Re-assignment plan asks for trouble

Wake County School Board Learns Nothing from Cary Elections

You’d think that after this Fall’s shakeup in Cary, that the Wake County School Board would have learned that the folks in West Cary don’t like being screwed with.  They evidently missed the memo that residents in the Davis Drive & High House area like things the way they are and that they are perfectly ready, willing, and able to vote out any politician that wants to infringe on their quality of life.  They take pride in Davis Drive Elementary’s Blue Ribbon status and I suspect they aren’t going to take to kindly to jeopardizing it in the name of diversity. Busing kids from Penny Road out to Davis Drive just to balance the F&R Lunch #’s is the height of idiocy and my guess is that current school board members better count on this being their last term.

Judicial elections are becoming political prizefights

Leaving Party Politics at the Courthouse Steps
By Chris Heagarty

RALEIGH – Former U.S. Supreme Court Justice Sandra Day O’Connor recently hosted a national symposium at Georgetown University to discuss problems in state judicial elections.

"In too many states, judicial elections are becoming political prizefights where partisans and special interests seek to install judges who will answer to them instead of the law and the Constitution," said former Justice O’Connor. "I hope that every state that elects judges in partisan elections will consider reforms."Courthouse

The good news is that North Carolina has taken important steps toward reform. The bad news is that the same political partisans and special interest groups that enjoy so much influence in other states still find ways to influence our elections.

North Carolina has made all state judicial elections nonpartisan, joining several other states that select their judges the same way. However, even though judges now run without party labels, both major political parties still promote "their candidates" to try to get a majority of "their people" on the high courts.

Republicans, who had long been shut out of judicial office in North Carolina and had strongly supported depoliticizing judicial elections, started winning judicial elections on the strength of their party label. Now that the political winds have shifted, some party leaders think partisan elections are just fine.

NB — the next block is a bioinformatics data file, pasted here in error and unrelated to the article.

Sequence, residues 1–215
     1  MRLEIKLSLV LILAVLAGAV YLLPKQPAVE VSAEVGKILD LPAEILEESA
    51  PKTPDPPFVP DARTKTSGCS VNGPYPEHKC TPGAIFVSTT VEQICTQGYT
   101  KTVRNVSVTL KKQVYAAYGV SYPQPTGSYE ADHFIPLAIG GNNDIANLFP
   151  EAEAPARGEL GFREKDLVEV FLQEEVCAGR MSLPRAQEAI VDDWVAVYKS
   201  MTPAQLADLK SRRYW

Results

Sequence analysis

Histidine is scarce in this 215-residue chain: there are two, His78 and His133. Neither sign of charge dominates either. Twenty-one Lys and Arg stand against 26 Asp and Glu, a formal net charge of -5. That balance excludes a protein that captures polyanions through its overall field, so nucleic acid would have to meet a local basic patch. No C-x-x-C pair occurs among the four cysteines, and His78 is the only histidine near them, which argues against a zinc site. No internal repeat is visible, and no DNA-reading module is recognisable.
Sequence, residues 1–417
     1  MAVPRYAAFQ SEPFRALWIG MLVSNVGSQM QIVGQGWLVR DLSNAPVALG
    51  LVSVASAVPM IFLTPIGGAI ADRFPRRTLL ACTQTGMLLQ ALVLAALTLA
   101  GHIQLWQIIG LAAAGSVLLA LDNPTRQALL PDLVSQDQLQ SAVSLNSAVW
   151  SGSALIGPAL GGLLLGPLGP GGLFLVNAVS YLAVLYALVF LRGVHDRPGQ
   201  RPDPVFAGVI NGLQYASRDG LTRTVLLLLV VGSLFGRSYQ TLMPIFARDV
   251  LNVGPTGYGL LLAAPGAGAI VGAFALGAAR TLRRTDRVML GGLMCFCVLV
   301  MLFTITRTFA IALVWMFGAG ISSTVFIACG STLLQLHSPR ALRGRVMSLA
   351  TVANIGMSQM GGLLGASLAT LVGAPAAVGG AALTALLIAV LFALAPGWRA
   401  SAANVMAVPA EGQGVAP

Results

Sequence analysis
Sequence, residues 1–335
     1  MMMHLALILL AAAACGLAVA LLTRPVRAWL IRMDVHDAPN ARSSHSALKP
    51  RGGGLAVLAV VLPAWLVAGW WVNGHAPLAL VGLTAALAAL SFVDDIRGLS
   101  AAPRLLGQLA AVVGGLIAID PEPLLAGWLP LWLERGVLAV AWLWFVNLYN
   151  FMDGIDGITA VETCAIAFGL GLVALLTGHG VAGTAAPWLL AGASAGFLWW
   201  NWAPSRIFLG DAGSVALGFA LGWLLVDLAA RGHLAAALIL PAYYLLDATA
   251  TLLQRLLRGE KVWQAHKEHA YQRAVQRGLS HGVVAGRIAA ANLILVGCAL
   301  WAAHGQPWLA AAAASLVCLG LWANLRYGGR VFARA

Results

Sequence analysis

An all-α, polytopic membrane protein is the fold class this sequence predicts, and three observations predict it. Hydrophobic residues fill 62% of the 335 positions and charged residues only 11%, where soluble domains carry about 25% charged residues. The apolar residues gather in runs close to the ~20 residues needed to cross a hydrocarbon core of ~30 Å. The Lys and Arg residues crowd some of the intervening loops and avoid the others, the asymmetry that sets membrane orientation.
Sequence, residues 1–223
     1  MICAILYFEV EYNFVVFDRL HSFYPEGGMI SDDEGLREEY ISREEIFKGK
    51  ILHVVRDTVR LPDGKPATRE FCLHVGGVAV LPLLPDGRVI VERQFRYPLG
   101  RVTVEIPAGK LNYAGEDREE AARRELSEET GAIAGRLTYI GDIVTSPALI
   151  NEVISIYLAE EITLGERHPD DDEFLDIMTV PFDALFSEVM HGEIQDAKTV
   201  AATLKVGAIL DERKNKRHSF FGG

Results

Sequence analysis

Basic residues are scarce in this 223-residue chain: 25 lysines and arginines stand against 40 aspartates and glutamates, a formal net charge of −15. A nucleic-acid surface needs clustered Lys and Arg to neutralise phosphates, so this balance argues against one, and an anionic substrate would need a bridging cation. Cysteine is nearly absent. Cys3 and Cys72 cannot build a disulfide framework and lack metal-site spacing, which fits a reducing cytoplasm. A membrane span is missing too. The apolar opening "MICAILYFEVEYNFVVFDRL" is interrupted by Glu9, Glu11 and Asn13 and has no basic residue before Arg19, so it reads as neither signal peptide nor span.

Meanwhile, Democrats who had long opposed depoliticizing judicial elections — so long as they kept winning them — had a change of heart once they found it harder and harder to win.

Once the elections were nonpartisan, many Democratic party leaders helped fund a secret campaign to boost a number of their candidates in the final days of the 2006 election. Under the name FairJudges.net, their political organization engaged in some decidedly unfair tactics.

Voters expect candidates for governor or Congress to be partisans because those candidates run on public policy agendas pushed by one party or another. But judges are supposed to be fair and impartial, without political agendas, and guided only by the state and federal constitutions, not party platforms.

Even if you think politics shouldn’t be a part of judicial elections, you have to accept that under the First Amendment any judicial candidate that wants to run a partisan political campaign has that right. But the power to minimize politics in these elections rests not with the Constitution, but with the voters. Voters can either reward or punish judicial candidates if they think their campaigns are inappropriate or violate the spirit of judicial fairness and impartiality.

For the most part, voters in North Carolina and nationwide have rejected judicial candidates that have run on partisan political platforms. Sarah Parker and Mark Martin, North Carolina’s two most senior Supreme Court justices, received strong bipartisan support, even though she is a Democrat and he is a Republican, based on their experience and highly respected reputations for fairness.

Despite this nonpartisan system rankling those who want an all-Democratic or all-Republican court, a new national study suggests that North Carolina’s judicial elections are better than the partisan free-for-alls of other states.

The report is from the Annenberg Public Policy Center of the University of Pennsylvania. The findings conclude that Americans who live in states that hold partisan judicial elections are more cynical toward the courts than Americans who live in states that do not hold partisan elections. Partisan judicial elections foster the belief that "judges are just politicians in robes."

The study also finds that partisan judicial elections also decrease public trust that state courts are operating in the best interest of the American people and that the courts are fair and impartial.

That should come as no surprise. For decades, we’ve seen so much nasty negative advertising from candidates for Senate, Congress and governor that most voters conclude that all politicians must be corrupt.

So long as we have judicial elections, politics will always find a way to seep into campaigns for the court. But by minimizing partisan political agendas, hopefully we can hold judges up to a higher standard than politicians, and help maintain the public confidence in our courts that is eroding in other states.


Chris Heagarty is the Robert Morgan Senior Research Fellow with the N.C. Center for Voter Education, a Raleigh-based nonprofit and nonpartisan organization dedicated to improving elections in North Carolina.